According to project manager Mike Harding Roberts, “There is no such thing as scope creep, only scope gallop.” And while this sentiment is decidedly funny, it’s painfully true, especially in construction projects.
Project scope is the set of tasks, goals, deliverables, costs, and deadlines determined by the involved parties in planning a project. In construction, it’s imperative for the scope to be comprehensive, agreed upon, and understood by all parties involved—meaning that the client, the contractors, and even the sub-contractors all need to be in agreement regarding who is doing what, who is responsible for what, when it needs to be done, and for how much. This agreement will be formalized in a contract.
It’s important for the scope to be well-defined—no one wants the contractor or sub-contractor to do less or more than what the client wants or is willing to pay for. If there is a change order put in, the involved parties can discuss the change to the scope and if it is deemed too large of a change to the scope it can be considered a breach of the contract.
The greatest obstacles to containing scope creep boil down to miscommunication and ambiguity. To combat these pressures, construction project managers should dedicate time to understanding just what a client wants from the project, give a thorough estimate for the project (including labor and overhead fees), and make sure all major points are agreed upon, in writing.
Understand the project’s vision
The most important conversations that a construction manager will have are with the client before a project begins. Tom Ewer writes,
I don’t mean this: My client would like me to build them a new web site.
I mean this: My client wants to increase online sales by 30% by creating a more user-friendly website design.
When working with a client your overruling focus must always be on the desired outcome in terms of business goals. (Italics mine).
The first step to preventing scope creep is understanding, to the best of your ability, what the stakeholder hopes to get out of the project. From remodeling a school to constructing a new office building, don’t limit yourself to asking questions about the specifics of the job, but why the stakeholders want a new building or to remodel. Understanding the purpose of the build opens up opportunities to expand the project.
In sum: use your expertise to guide your clients toward the best solutions to their construction problems. Don’t be afraid to be critical of what your client wants—the last thing you want is to make promises that are impossible to keep. Collaborate with your client to define a plan that has a high chance of success.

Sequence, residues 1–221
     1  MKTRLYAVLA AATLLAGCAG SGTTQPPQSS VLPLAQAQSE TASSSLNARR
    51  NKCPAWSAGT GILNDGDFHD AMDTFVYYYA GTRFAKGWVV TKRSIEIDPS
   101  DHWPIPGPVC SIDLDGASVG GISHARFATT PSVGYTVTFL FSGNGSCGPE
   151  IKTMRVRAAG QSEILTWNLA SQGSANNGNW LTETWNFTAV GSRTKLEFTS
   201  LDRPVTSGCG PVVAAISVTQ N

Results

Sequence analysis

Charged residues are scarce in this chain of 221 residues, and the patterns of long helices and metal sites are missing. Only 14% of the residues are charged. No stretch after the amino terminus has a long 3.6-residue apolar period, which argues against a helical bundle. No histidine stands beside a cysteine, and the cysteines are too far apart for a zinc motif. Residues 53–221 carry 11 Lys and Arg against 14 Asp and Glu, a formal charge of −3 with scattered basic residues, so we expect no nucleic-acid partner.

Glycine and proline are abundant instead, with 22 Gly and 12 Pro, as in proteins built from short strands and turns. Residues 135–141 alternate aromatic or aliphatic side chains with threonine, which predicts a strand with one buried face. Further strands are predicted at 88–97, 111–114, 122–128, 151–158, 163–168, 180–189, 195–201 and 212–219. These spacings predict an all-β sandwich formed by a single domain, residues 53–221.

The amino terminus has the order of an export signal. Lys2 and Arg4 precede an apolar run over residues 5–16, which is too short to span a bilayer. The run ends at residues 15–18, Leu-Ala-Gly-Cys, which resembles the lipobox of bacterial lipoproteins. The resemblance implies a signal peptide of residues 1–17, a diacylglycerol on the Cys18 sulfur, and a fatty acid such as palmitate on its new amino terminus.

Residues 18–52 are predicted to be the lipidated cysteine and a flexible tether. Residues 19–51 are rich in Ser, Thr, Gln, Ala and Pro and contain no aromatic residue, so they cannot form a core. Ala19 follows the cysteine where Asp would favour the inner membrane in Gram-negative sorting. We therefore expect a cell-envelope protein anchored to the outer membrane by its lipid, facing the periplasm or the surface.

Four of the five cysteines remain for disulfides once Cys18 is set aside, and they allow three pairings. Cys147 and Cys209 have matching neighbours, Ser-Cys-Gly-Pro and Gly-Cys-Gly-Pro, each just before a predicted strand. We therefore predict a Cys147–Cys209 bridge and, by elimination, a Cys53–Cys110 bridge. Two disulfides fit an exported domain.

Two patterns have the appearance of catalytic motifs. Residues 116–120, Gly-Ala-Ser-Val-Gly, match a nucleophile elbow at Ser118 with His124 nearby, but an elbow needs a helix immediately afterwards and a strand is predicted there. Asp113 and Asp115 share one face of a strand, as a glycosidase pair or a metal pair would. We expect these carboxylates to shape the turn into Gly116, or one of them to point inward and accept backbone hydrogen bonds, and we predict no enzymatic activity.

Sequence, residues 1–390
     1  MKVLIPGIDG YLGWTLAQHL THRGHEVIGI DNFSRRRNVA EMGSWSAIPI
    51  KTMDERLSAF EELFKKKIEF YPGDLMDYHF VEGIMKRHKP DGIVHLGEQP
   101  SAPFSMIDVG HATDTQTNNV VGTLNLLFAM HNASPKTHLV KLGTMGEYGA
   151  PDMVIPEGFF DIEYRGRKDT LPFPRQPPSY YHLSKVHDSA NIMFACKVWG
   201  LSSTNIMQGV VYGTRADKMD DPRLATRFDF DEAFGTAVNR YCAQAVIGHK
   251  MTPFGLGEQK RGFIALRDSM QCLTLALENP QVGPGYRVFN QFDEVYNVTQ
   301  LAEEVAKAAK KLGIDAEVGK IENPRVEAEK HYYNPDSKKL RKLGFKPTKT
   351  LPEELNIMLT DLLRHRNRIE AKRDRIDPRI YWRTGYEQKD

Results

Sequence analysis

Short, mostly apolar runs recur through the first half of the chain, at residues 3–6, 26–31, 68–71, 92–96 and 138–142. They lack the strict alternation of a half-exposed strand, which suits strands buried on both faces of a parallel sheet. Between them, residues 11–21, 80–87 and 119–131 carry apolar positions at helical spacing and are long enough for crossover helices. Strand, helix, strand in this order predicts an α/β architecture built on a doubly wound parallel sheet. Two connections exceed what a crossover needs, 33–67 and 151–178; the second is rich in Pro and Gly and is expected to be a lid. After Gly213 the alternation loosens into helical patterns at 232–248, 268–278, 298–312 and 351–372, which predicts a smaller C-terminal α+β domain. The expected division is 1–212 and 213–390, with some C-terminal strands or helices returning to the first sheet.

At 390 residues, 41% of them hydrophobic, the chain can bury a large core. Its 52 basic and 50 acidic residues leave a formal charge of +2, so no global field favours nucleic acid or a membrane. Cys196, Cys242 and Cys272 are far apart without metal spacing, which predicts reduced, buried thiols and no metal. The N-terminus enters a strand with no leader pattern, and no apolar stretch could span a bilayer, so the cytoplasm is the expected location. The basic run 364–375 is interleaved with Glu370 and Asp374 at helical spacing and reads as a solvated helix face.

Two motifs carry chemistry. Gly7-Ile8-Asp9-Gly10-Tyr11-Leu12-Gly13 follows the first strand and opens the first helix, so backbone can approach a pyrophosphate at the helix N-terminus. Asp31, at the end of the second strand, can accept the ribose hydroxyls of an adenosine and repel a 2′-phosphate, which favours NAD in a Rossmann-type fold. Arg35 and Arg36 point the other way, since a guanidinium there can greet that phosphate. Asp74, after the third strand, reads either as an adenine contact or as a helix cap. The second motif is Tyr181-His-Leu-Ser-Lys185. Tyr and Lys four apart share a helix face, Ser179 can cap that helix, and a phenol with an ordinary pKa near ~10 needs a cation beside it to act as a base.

Create a clear estimate
By and large, your clients don’t care about the nuts and bolts of how your company produces the final result, but they are affected by your processes. They may ask you—entirely out of ignorance or innocence—to change direction mid-construction, erasing all chances for staying within scope.
This is why having a clearly outlined, written estimate is so important. It’s less important that your client signs the document—the signature is mostly used for legal purposes—than it is for them to understand what’s in the contract. Talking through the estimate and the construction project’s process and goals can only improve your relationship with your client. Make sure that your expectations mirror what’s in the contract.
The estimate should also include a detailed outline of what materials your construction firm will need to purchase and apply. Because the estimate gives the client a peek into how expensive a change will be to implement, it will be less probable they will ask for changes.
Formalize a construction project plan
Don’t allow yourself too much flexibility when it comes to designing your project plan. Whether you’re relying on lean construction or other formal project management techniques like Agile, invest in construction management software to help facilitate a smoother construction process and to identify areas appropriate for risk management. The software itself can help construction project managers keep track of their materials, manage deadlines, and keep their project in scope.
Part of creating a formalized plan should be creating a carefully outlined process for change orders. The Association of Construction and Development adds, “Implementing and enforcing a strong change-control process effectively puts boundaries around project requirements. It also adds a level of security that helps projects bend and evolve over time.” Thus, formal change-management processes can dramatically reduce the chance of scope creep by dis-incentivizing clients from asking for more than is reasonable.
Are there other ways of preventing construction scope creep? What methods have I missed? Any scope creep horror stories? Leave your thoughts below!